Regulators would also be responsible for setting limits on “cannabis product serving sizes, doses, and potency, including, but not limited to, regulations which provide requirements for reasonable tetrahydrocannabinol (THC) potency limits for each type of cannabis product sold by a licensee and reasonable potency or dosing limits for cannabis concentrates and edible products, that shall apply for adult use cannabis only.”
“Social equity has been a top concern for us throughout this whole process,” Slater said. “Senator Miller and I represent some of the communities that have suffered disproportionate harm from prohibition for decades, resulting in generational poverty and mass incarceration. The starting line isn’t the same for people in poor, urban and minority communities, and they deserve support to ensure they get the full benefit of participating in legalization.”
Miller, who sponsored an earlier legalization proposal that was approved in the Senate last year, previously said that lawmakers “made our best attempt” to get the provisions right, and he stressed his openness to feedback from colleagues and stakeholders.
In a statement, the governor’s office thanked lawmakers for “their collaboration on this legislation.”
“While this bill is different than the Governor’s original proposal—it does accomplish his priorities of making sure legalization is equitable, controlled, and safe,” a McKee spokesperson said. “We look forward to reviewing the final bill that comes out of the General Assembly and signing legalization of adult use cannabis into law.”
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Both Senate President Dominick Ruggerio (D) and House Speaker Joseph Shekarchi (D) have said they are comfortable with the move toward legalization, and they’ve weighed in on various provisions related to issues like equity in the industry and the regulatory model for a cannabis market. But they’ve also said they’re comfortable with the gradual pace of the reform and don’t want to rush the legislative process.
Shekarchi said that while he feels reform is “inevitable” in Rhode Island and bound to happen “soon,” he wanted to take time to work with lawmakers on reaching a workable deal.
The governor is supportive of legalization and proposed his own reform plan this year as part of his requested budget. Some of the initial differences between the lawmaker-led legislation and the governor’s measure were resolved in the latest substitute amendment, and there were compromises made in other areas.
For example, McKee’s plan called for automatic expungements without a requirement for people to petition the court for relief. The compromise that lawmakers landed on was to provide automatic record sealing by a certain date while creating an expedited process for those who proactively petitioned for relief.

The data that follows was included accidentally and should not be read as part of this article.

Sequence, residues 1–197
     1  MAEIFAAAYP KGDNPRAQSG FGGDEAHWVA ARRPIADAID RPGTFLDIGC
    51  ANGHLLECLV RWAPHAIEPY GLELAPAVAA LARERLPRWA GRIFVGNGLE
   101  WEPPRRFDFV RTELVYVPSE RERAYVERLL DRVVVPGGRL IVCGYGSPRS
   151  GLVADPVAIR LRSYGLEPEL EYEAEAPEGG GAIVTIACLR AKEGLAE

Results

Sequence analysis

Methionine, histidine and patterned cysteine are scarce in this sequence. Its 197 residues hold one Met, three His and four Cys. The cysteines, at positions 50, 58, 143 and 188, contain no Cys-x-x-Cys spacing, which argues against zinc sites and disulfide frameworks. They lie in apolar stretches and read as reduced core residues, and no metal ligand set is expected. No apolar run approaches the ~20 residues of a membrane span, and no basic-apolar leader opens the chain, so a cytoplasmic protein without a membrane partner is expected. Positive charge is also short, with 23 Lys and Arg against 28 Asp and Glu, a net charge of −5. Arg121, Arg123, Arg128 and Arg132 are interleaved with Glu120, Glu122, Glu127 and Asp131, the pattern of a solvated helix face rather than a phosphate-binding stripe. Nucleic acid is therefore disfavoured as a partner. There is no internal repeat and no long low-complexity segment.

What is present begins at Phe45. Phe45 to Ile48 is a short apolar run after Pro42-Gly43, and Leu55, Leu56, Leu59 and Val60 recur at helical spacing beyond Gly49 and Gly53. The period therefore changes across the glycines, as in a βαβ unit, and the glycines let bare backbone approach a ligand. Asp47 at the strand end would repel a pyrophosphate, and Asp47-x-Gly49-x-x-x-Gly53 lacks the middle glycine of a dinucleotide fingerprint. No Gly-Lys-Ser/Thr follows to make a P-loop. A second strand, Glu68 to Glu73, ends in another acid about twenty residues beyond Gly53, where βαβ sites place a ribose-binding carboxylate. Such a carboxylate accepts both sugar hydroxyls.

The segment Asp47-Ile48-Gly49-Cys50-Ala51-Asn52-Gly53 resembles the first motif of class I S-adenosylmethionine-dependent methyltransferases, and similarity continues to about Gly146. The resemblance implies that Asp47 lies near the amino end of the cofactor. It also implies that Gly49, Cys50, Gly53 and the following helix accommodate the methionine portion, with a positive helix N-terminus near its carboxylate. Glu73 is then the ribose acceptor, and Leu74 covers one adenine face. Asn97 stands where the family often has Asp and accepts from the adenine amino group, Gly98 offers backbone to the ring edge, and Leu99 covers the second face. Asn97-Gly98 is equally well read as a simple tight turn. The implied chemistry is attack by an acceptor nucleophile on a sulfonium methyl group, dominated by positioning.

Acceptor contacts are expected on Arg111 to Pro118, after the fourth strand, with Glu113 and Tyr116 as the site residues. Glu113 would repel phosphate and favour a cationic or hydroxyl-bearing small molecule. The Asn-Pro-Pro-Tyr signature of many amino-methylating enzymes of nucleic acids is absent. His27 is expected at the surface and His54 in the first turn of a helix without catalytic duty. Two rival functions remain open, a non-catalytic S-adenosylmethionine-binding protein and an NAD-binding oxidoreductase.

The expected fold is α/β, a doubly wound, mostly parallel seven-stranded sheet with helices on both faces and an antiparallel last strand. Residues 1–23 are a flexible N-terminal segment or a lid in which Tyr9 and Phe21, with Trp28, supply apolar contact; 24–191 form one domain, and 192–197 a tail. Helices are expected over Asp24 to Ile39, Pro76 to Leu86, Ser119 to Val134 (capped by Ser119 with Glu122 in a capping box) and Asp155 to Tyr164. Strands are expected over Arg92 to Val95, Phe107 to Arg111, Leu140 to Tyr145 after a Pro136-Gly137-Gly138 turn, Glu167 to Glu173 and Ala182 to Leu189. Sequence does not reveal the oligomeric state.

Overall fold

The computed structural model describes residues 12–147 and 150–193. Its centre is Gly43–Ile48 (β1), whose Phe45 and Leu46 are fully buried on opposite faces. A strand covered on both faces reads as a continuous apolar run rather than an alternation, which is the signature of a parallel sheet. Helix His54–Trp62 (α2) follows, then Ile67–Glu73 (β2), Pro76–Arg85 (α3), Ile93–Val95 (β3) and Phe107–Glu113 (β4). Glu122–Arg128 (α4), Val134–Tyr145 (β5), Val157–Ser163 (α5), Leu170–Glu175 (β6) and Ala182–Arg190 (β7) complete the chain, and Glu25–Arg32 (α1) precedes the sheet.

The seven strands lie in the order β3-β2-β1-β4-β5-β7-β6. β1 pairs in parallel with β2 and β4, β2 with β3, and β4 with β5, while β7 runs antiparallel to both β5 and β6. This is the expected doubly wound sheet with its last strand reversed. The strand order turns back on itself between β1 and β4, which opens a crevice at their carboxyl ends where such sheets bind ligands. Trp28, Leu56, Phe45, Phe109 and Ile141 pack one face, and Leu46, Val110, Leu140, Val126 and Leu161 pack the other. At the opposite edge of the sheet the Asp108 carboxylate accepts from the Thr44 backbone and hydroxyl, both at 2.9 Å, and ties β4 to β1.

The governor also proposed having DBR be the sole regulatory body for the marijuana market. The agency would share that responsibility with an independent commission under the revised bill.
Lawmakers did not change their mind about permitting limited home cultivation for personal use, however, even though McKee’s measure would not allow home grow.
Under the governor’s plan, 25 percent of marijuana tax revenue and licensing fees would go to the “regulatory, public health, and public safety costs associated with adult-use cannabis.” Fifteen percent would go to local governments and 60 percent would go to the state general fund.
The executive summary of McKee’s budget proposal says that the state’s sales tax revenue would be “boosted by the proposed introduction of adult-use cannabis tax revenue in FY 2023.” The state is estimating that it will collect $1.2 million in general revenue for the 2023 fiscal year and $16.9, “with a full year of sales in FY 2024.”
The revenue projections and provisions largely reflect what the governor proposed in his last budget request, with the exception of the expungements language.
Not only does the governor’s plan not allow for home grow, it also sets out a series of fines and penalties for personal cultivation of any number of plants. For example, a person who unlawfully grows one to five plants would face a penalty of $2,000 per plant and an “order requiring forfeiture and/or destruction of said plants,” according to the text of the proposed legislation.
The bill also includes language to create a Cannabis Reinvestment Task Force that would be required to study and issue recommendations on using marijuana tax revenue for “job training, small business access to capital, affordable housing, health equity, and neighborhood and community development.”
The proposal calls for 25 marijuana retailers to be licensed each year for the first three years of implementation. Those would be awarded on a lottery basis, but at least five would be specifically given to minority-owned businesses, a category. Additional licenses would be issued in the future based on market demand.
The House Finance Committee discussed the governor’s proposal to end prohibition at an earlier hearing last year.
A coalition of 10 civil rights and drug policy reform advocacy groups—including the Rhode Island chapters of the ACLU and NAACP—had demanded that lawmakers move ahead with enacting marijuana reform in the state before the end of 2021. But that did not pan out.
Lawmakers have also noted that neighboring states like Connecticut and Massachusetts have enacted legalization, and that adds impetus for the legislature to pursue reform in the state.
Both the governor and the leaders’ legalization plans are notably different than the proposal that former Gov. Gina Raimondo (D) had included in her budget in 2020. Prior to leaving office to join the Biden administration as commerce secretary, she called for legalization through a state-run model.
McKee gave initial insights into his perspective on the reform last January, saying that “it’s time that [legalization] happens” and that he’s “more leaning towards an entrepreneurial strategy there to let that roll that way.”
Meanwhile, Rhode Island lawmakers introduced a pair of drug decriminalization bills in March—including one focused on psilocybin and buprenorphine that would authorize doctors to prescribe the psychedelic mushroom.
Last year, the governor also signed a historic bill to allow safe consumption sites where people could use illicit drugs under medical supervision and receive resources to enter treatment.
The Senate Judiciary Committee also held a hearing last year on legislation that would end criminal penalties for possessing small amounts of drugs and replace them with a $100 fine.
Photo courtesy of Carlos Gracia.